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Legal vs. Moral vs. Fair - I’m not going to try to convince anyone of the inherent fairness of these tactics, because I’ll tell you right up front: These tactics just aren’t fair, and here’s why.

Most consumers aren’t educated to how credit scores are derived, and the purveyor of the secret FICO formulae, the mysterious Fair, Isaac & Company (NYSE: FIC), likes it that way. So, by definition, the mere act of reading this seminar puts you in a horribly unfair advantage with respect to the hordes that are terribly blind.

Even worse, those FICO scores radically — or should I say, RADICALLY, in all caps — impact how much ones pays for home mortgages, car loans, credit card interest, and even insurance premiums, among other things. Some potential employers, in fact, routinely pull credit reports in an effort to better judge the character of their applicants. What’s worse is that not everyone agrees — and certainly not all psychologists, a group I can dare to represent — that a FICO score provides a valid measure of one’s personal character. The reason: horrible stuff can happen to otherwise moral people, all of which can completely trash a heretofore decades-old pristine payment history — accidents, uncooperative health insurance adjusters, sudden unemployment, expensive litigation, divorce with unsatisfactory terms, personal tragedies of all kinds, etc.

Consider this: Credit scores, and the credit reports which underlie them, have become a kind of “Human Worth Quotient” rather than simply a flexible credit score. For example, a potential employer disqualified a divorced woman, on the basis of her credit score, even though her runaway husband left her with huge debts beyond her means. Is this moral? It may not be moral, but it’s legal. And it will be legal for the full seven years it takes for those correct but negative tradelines to naturally age off of her report. Oops, I should say, “age off of her reports” — because if she wants to confront this, she’ll need to wrangle with three (not just one) sometimes-uncooperative private companies who compile and sell those reports about her. Again, is this fair or moral? Perhaps not, depending upon your personal point of view, but one thing’s certain: It’s definitely legal.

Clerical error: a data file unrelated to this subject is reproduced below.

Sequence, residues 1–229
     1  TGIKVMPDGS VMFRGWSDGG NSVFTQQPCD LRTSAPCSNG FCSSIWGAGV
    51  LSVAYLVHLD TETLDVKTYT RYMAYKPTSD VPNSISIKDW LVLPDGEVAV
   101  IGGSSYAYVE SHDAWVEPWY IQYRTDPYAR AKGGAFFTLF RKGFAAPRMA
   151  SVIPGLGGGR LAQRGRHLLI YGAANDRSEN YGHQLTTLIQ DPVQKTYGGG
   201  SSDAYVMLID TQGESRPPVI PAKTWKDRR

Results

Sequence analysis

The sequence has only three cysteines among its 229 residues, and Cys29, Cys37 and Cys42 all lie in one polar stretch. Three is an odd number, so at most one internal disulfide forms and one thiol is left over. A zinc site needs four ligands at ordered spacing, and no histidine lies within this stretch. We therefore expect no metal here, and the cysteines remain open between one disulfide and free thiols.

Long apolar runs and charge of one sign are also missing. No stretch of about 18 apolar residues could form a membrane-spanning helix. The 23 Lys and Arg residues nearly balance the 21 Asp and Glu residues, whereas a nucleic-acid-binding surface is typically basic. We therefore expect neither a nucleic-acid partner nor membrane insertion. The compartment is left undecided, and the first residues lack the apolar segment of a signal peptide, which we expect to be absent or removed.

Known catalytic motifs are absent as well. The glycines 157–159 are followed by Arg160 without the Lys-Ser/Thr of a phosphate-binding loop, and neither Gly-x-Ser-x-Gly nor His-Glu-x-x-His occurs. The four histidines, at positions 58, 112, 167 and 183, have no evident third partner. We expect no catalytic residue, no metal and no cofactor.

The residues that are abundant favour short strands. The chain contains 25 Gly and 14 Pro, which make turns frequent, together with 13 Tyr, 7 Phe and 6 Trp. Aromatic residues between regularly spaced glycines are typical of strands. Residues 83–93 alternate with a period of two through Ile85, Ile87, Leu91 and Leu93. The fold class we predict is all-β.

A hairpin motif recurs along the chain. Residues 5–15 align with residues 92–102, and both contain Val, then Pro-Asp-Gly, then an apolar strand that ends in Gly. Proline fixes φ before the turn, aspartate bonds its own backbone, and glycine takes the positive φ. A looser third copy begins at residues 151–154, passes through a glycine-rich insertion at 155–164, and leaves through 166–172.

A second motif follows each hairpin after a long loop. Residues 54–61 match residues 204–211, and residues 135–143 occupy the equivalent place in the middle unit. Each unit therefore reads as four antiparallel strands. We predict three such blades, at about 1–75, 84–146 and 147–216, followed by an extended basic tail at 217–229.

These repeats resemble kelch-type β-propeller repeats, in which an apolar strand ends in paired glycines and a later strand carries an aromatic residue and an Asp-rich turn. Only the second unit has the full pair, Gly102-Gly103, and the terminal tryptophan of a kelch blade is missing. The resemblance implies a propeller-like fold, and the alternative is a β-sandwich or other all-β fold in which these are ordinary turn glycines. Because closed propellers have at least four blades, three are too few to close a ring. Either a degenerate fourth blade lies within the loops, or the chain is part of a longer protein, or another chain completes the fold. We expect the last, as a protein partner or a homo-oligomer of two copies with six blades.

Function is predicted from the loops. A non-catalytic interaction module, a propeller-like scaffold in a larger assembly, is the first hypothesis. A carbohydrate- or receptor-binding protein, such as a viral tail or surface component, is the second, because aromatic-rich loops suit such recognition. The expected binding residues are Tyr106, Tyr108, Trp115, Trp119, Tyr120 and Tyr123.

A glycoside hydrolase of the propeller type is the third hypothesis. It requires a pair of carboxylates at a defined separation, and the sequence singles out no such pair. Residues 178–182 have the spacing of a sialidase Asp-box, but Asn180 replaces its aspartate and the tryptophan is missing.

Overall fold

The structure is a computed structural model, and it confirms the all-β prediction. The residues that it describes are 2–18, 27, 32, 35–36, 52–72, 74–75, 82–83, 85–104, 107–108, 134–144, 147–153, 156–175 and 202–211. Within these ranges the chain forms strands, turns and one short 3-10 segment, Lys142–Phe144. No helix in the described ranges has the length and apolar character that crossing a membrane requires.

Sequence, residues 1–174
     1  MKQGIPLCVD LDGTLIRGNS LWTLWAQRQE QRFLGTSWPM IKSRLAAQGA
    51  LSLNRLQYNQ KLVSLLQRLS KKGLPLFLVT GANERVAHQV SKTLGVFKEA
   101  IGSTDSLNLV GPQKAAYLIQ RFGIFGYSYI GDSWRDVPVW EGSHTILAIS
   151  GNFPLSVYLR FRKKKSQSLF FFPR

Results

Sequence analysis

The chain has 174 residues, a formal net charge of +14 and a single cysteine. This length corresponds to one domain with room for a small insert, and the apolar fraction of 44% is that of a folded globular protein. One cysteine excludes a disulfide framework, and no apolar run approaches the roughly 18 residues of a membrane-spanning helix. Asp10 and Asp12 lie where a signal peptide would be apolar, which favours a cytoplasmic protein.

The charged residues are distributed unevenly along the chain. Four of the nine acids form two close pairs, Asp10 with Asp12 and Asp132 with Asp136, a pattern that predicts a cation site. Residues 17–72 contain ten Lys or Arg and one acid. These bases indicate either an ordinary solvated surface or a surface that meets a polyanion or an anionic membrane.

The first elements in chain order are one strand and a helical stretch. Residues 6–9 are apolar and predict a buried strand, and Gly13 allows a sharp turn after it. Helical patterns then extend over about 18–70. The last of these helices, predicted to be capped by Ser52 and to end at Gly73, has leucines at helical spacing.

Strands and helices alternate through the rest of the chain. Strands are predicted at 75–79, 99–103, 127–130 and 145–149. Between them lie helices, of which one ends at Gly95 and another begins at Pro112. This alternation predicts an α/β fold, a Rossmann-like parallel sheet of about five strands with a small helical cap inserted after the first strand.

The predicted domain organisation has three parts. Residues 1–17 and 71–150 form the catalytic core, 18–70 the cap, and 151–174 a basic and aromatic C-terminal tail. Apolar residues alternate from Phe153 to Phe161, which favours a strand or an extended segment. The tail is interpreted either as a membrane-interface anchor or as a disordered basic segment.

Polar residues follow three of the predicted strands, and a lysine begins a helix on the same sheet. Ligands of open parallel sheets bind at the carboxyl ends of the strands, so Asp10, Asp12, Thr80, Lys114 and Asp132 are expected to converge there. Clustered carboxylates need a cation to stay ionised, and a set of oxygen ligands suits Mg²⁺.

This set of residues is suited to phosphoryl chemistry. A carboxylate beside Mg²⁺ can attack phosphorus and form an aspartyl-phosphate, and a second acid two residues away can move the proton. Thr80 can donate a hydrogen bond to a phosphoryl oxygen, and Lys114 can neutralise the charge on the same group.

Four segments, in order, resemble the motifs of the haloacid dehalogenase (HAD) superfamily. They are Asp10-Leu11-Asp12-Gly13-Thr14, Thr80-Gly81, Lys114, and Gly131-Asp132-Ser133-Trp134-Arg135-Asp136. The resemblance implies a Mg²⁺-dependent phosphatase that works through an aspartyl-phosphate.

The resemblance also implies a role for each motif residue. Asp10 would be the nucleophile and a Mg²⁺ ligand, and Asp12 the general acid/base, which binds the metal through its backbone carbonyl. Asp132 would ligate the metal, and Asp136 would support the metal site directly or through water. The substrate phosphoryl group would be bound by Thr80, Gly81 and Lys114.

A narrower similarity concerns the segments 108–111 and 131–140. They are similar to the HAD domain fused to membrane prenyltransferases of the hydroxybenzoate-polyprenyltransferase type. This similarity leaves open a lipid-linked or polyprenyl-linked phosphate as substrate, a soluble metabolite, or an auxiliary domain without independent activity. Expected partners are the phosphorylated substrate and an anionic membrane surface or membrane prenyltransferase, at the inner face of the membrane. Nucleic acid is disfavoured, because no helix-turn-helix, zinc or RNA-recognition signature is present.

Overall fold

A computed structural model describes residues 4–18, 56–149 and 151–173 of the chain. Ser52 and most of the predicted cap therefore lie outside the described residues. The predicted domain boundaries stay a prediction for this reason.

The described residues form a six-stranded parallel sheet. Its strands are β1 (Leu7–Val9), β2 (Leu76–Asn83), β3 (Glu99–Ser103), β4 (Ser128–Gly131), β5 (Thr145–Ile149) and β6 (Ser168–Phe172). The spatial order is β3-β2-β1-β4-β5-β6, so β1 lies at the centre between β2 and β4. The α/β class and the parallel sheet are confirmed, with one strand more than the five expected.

Those of you who are reading this seminar certainly have an unfair advantage. Likewise, those of you who want to play hardball — with the ultimate goal of three clean credit bureau reports, irrespective of what’s there now — will likewise enjoy an unfair advantage when armed with the guerilla tactics described here. But, you’ll be legal. Some of these techniques are delineated by Federal statute, in fact, and I’ll say so when that’s the case. Here are some things you can do to help repair credit.

So it comes down to this: If you knew you could raise your FICO scores by 200 points and do it by breaking no laws, would you do so if you knew you weren’t being fair to other consumers? I can’t answer that for you. I will say that these private companies — i.e., the credit reporting agencies, some of the companies which use the resultant credit scores, as well as certain abusive collection agencies — are treating consumers unfairly every single day and don’t seem to worry much about it at all. Is that true of all companies and in all cases? Of course not. Credit scoring allows colorblind loan qualifications (which is, I would contend, far superior to the pre-1971 system where white men — almost exclusively — made lending decisions in accordance with their subjective whims.) My contention, however, is that the present system, in which these incredibly critical scoring formulas are kept secret and facilitated by three accident-prone privately-held credit reporting companies, is inherently unfair, inconvenient, and often immoral. They’re all legal, though.
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